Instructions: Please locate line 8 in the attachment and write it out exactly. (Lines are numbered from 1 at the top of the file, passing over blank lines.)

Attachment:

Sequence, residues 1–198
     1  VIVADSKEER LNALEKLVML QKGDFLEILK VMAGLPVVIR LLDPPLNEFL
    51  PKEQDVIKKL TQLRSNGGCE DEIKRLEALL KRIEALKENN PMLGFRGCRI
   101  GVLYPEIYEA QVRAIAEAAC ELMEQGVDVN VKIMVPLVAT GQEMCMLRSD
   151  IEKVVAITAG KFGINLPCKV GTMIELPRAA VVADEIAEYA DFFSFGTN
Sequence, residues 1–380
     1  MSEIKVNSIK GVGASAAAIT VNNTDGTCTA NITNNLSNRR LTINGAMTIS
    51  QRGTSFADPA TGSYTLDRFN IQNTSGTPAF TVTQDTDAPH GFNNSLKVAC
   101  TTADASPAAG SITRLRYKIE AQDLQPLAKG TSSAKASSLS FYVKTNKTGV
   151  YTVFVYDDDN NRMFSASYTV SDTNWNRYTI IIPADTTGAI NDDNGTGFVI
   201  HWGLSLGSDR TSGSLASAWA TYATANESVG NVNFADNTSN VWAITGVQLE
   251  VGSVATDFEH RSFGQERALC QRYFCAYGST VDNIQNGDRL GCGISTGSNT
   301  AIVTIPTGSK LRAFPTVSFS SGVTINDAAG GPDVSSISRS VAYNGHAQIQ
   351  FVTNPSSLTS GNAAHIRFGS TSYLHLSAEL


    51  QRGTSFADPA TGSYTLDRFN IQNTSGTPAF TVTQDTDAPH GFNNSLKVAC